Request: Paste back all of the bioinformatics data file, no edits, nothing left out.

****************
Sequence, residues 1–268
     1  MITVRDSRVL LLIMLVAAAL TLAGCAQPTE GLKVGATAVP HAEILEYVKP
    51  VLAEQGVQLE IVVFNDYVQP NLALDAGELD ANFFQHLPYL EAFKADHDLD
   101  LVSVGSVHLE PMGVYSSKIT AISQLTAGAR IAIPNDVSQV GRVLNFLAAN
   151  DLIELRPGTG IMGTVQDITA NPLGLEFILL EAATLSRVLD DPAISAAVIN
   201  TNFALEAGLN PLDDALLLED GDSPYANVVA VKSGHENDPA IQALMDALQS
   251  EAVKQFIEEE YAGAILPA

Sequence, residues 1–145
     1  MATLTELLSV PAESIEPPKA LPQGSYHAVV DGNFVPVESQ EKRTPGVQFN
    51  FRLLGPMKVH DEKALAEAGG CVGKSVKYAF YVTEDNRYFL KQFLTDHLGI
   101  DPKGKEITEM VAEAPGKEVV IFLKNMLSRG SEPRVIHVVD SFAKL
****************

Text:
Sequence, residues 1–268
     1  MITVRDSRVL LLIMLVAAAL TLAGCAQPTE GLKVGATAVP HAEILEYVKP
    51  VLAEQGVQLE IVVFNDYVQP NLALDAGELD ANFFQHLPYL EAFKADHDLD
   101  LVSVGSVHLE PMGVYSSKIT AISQLTAGAR IAIPNDVSQV GRVLNFLAAN
   151  DLIELRPGTG IMGTVQDITA NPLGLEFILL EAATLSRVLD DPAISAAVIN
   201  TNFALEAGLN PLDDALLLED GDSPYANVVA VKSGHENDPA IQALMDALQS
   251  EAVKQFIEEE YAGAILPA

Sequence, residues 1–145
     1  MATLTELLSV PAESIEPPKA LPQGSYHAVV DGNFVPVESQ EKRTPGVQFN
    51  FRLLGPMKVH DEKALAEAGG CVGKSVKYAF YVTEDNRYFL KQFLTDHLGI
   101  DPKGKEITEM VAEAPGKEVV IFLKNMLSRG SEPRVIHVVD SFAKL